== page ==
本文原作者：James Batchelor 译者游戏邦ciel chen
在Apple和Google的APP Store都争相为高价独立游戏提供着更好的曝光度，而且他们发布时用到“必备游戏”字眼时更能激发用户对这些游戏的兴趣。但是Ben Cousins（前EA和DeNA的CEO，现为瑞典开发团队The Outsiders的共同创始人）说现在已经太迟了：如今手游形势的发展已经全部往F2P方向蔓延了。
“在2012年到2013年是有这么一段时间，app store的推荐对手游的成功具有深远的影响——不论是高价手游还是免费手游都是如此。但是随着时间的流逝，我认为现在我们正处在铺天盖地的广告时代以及用户高度参与的时代，它们已将远远地将app store的推荐影响力甩在了身后。高价游戏已经再也不受特写推荐的影响了，我曾经看到过一款普通的超低价的额外收费游戏的一个惊人数据——尽管已经得到了良好的专题推荐但依旧没有人为这个游戏买单——迈出四位数已经是极限了。”
It’s a topic that has already been debated in our Mobile Newsletter, but still the debate endures: is it possible to find success on mobile with a premium game?
As was discussed on our podcast earlier this year, there are plenty of impressive games available for smart devices with reasonably low price points – low enough to be in danger of undervaluing the developer’s work – but studios face a reluctant audience that is difficult to convince when it comes to spending money on that initial purchase.
The indie spaces on both the Apple and Google app stores arguably offer better exposure for premium-priced games, and there’s always the possibility the release of a must-have title could drive more interest in such apps. But Ben Cousins – former EA and DeNA exec, and now co-founder of Swedish dev The Outsiders – says it is too late: the tide has turned against anything but free-to-play games on mobile.
“The biggest barrier is the existence of very good quality freemium games. It’s pretty much impossible to overcome that”
“The issue isn’t that there aren’t quality premium games or that people don’t know about them,” he tells GamesIndustry.biz. “It’s that people don’t want to buy or don’t have time to play premium games if there is an even slightly decent free alternative.
“It’s not anything intrinsic in the games themselves, it’s more about how the consumer sees them sitting in the marketplace relative to freemium blockbusters. The biggest barrier is the existence of very good quality freemium games, highly optimised for engagement, and advertised to the tune of millions of dollars a day each. It’s pretty much impossible to overcome that.”
Both Apple and Google have gone to great lengths to better curate their storefronts, highlighting acclaimed new premium games alongside their freemium competitors, and the consensus among developers seems to be that securing a highly-coveted Featured spot will solve all their problems. But, much like Google itself, Cousins urges studios not to rely on this.
“There have been high-profile premium games in recent years that were featured and did well,” he concedes. “Monument Valley being a prime example. So devs assume that this was the determining factor, when really it was something more random like product fit for the marketplace at that time or product quality.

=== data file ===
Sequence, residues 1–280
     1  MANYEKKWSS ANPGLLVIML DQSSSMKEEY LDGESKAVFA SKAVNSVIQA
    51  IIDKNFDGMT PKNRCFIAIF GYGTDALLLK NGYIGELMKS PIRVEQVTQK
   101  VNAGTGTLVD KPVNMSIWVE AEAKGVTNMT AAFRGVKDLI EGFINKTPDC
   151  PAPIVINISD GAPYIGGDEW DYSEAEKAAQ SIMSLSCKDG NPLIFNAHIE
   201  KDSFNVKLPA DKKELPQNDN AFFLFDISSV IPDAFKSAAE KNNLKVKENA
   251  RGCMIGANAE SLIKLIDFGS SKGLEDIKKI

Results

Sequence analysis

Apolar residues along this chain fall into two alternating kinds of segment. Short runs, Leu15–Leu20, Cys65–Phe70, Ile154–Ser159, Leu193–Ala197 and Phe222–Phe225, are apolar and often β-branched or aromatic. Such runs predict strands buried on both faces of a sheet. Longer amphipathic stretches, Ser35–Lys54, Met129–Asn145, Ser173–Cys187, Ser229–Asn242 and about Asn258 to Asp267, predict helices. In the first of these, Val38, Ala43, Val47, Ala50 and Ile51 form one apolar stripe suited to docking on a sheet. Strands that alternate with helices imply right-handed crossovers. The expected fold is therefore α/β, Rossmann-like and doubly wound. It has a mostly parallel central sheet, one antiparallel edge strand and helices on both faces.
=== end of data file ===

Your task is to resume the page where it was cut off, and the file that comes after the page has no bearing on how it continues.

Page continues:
“There was a time around 2012 to 2013 where featuring on the app stores could have a huge impact on the success of a mobile games – either freemium or premium. But that time has passed and I think we are now deep into the era of heavy advertising and high engagement drowning out the effect of featuring. Premium titles are particularly unaffected by featuring, I have seen shocking data over the years where a mediocre poorly-priced premium game gets a good feature but does almost no business – four figures at best.”
He goes on to posit that developers need to think long and hard about what they’re trying to accomplish: delivering the game they envisage at a price they deem appropriate, or generating significant revenues from it. Both, it seems, are rarely an option. The levels of success that transform and grow businesses are now solely to be found in the increasingly competitive free-to-play market – or on another platform entirely.
“There’s always going to be a market for people who are okay making a few grand from a premium game,” says Cousins. “But if you want to build a business with more than 10 staff, it’s pretty much impossible to do that as a premium mobile game developer.
“If you are making a premium game on mobile and you want to know what to focus on to be successful – that is not just making enough money for two people to live on for a few months – the answer has to be to make a freemium game instead or move to PC dev. This has been the case for at least two to three years – it’s not a new situation.”（source：gamesindustry.biz ）